- The Washington Times - Monday, June 23, 2003

The University of the District of Columbia law school failed to win full accreditation from the American Bar Association earlier this month just days before the college’s trustees pushed through 6.4 percent retroactive raises for the law school’s faculty and the university’s highest-paid administrators.

The association’s accreditation committee refused to grant the credentials at its semiannual meeting June 6 to 8 in Miami, despite a lengthy presentation to the committee by UDC President William L. Pollard and law school Dean Katherine S. Broderick.

The committee instead extended the provisional accreditation for two years for UDC’s David A. Clarke School of Law. With provisional accreditation, graduates are regarded the same as those from fully accredited law schools, but the Clarke school must submit to annual visits by accreditation officials and perform extensive internal reviews.

University officials were optimistic early this year that the law school would receive full accreditation and end 10 years of scrambling to shore up the school’s shaky reputation.

The UDC law school was formerly the fully accredited Antioch School of Law, which provided legal training for minorities and legal aid to poor residents. Antioch closed in 1985, after the American Bar Association, which accredits law schools nationwide, revoked its accreditation because students had low academic credentials and many failed the bar exam at least once.

When the city reopened the school in 1988 as the D.C. School of Law, it had to start the five-year accreditation process again, earning provisional accreditation in 1991.

The school had to start the accreditation process over when it merged with UDC in 1996 and won provisional accreditation in 1998. For the past five years, the school has struggled to win full accreditation.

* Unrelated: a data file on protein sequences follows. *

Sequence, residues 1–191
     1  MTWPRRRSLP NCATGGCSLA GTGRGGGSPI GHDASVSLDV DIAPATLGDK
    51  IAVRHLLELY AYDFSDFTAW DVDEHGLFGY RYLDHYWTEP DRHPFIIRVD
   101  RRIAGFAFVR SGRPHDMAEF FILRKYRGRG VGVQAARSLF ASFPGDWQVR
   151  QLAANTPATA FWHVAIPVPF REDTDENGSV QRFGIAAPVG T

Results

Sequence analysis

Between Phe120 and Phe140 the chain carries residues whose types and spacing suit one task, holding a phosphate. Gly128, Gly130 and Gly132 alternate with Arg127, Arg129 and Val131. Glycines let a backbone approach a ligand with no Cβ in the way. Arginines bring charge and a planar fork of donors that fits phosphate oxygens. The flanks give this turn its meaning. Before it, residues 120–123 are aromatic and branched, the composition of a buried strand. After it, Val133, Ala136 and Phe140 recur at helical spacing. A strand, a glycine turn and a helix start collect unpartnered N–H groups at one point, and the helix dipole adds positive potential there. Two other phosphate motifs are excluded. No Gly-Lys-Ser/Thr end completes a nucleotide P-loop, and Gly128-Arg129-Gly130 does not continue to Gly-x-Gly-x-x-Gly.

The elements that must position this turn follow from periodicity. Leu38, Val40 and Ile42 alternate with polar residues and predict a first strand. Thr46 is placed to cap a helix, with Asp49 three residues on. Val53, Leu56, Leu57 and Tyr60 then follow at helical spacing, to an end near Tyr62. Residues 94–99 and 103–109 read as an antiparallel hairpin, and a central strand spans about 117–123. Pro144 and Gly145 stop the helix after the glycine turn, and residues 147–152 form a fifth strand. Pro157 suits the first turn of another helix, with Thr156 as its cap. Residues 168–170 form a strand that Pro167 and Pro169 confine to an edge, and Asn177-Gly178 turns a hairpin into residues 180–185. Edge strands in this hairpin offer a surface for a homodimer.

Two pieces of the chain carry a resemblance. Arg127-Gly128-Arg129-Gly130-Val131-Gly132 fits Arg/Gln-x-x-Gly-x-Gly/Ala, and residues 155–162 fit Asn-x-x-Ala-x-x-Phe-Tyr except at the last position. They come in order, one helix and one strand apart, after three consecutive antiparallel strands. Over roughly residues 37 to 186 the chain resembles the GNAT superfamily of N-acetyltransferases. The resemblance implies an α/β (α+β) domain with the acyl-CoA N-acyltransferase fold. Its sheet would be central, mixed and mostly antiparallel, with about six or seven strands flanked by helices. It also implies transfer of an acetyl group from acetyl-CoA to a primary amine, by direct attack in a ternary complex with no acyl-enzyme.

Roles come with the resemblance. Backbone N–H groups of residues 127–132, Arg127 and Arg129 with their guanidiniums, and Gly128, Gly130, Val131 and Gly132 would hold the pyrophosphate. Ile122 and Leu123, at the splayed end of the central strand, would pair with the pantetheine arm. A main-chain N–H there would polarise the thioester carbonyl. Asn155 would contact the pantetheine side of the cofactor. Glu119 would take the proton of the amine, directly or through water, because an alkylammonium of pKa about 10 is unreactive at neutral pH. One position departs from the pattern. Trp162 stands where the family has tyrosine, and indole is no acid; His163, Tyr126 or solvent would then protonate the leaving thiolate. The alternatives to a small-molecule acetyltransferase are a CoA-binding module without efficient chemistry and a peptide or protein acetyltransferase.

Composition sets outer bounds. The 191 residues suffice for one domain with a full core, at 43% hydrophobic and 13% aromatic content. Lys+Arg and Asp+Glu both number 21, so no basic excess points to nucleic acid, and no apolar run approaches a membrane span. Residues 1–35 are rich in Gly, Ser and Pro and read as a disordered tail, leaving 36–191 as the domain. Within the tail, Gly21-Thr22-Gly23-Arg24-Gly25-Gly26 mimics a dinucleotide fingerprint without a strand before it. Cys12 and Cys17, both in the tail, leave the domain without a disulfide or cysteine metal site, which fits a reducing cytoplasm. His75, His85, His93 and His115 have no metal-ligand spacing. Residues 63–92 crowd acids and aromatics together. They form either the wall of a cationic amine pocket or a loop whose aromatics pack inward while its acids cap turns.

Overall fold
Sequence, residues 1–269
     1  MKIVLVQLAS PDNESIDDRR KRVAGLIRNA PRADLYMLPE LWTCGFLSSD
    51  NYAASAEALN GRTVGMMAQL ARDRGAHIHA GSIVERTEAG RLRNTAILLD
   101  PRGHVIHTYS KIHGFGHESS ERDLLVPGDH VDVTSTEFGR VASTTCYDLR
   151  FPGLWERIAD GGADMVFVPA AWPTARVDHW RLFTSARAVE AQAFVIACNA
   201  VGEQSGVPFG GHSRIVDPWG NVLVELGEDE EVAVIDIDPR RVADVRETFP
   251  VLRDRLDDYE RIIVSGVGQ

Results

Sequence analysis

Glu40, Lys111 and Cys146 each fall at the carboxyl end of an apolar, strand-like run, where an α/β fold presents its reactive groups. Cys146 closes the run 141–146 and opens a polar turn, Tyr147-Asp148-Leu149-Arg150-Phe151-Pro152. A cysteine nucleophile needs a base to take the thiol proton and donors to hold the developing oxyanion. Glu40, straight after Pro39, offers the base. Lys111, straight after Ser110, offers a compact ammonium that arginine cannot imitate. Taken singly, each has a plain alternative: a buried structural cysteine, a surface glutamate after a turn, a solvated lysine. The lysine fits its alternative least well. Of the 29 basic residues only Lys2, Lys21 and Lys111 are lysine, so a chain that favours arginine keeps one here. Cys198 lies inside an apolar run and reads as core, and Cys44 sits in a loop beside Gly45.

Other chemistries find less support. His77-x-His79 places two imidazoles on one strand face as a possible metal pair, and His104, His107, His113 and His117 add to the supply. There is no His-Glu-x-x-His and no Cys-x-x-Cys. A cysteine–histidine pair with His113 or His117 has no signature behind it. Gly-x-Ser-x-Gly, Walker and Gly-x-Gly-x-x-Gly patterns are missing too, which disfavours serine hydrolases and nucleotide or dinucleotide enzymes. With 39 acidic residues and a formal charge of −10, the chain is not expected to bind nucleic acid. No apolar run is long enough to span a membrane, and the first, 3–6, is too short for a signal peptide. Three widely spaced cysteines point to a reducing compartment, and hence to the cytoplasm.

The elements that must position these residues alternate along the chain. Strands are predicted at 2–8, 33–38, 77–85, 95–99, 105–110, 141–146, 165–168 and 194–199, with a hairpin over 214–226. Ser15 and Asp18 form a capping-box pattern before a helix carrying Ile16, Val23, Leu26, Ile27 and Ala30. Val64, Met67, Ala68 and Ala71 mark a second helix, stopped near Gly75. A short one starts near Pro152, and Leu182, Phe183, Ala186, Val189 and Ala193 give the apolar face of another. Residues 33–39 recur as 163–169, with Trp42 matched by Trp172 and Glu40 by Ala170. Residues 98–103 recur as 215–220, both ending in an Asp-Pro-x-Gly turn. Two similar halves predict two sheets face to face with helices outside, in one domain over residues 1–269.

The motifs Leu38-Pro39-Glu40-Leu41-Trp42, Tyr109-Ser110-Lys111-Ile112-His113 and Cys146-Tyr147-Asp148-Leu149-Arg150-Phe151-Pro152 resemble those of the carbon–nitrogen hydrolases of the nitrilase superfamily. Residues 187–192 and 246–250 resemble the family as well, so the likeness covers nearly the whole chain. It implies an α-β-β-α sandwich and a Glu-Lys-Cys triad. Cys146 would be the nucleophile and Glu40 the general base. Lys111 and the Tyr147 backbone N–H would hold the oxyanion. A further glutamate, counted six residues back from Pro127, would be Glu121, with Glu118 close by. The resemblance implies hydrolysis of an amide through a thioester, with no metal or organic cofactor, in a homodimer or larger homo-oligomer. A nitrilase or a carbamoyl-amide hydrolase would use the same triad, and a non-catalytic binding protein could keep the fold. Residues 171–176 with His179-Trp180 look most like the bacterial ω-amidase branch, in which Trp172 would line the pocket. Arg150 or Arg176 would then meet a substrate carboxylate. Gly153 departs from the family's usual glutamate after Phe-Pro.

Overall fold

Faculty familiar with the bar association’s decision said the committee withheld full accreditation because of the low number of UDC law school graduates who pass the bar exam on the first try. The first-time pass rate for the bar exam has been reported as low as 25 percent of graduates taking the test, but school officials say the rate is closer to 48 percent. More than 68 percent eventually pass the test.

The national average is 73 percent, according to the bar association.

The bar association keeps its decision-making process confidential and declined to release details of the grounds for the UDC decision.

Mrs. Broderick confirmed that the school’s low pass rate was the reason it did not receive full accreditation, but she said the association gave the law school an upbeat assessment. “We have been found in full compliance with all accreditation standards except bar passage,” Mrs. Broderick said. “They want to see improved bar-passage results.”

The bar association said last year that 22 percent of Clarke school graduates passed the bar in 2001. The national average was 73 percent. About 70 percent of graduates from D.C. law schools such as the Georgetown University Law Center and Catholic University’s Columbus School of Law pass the bar on their first try.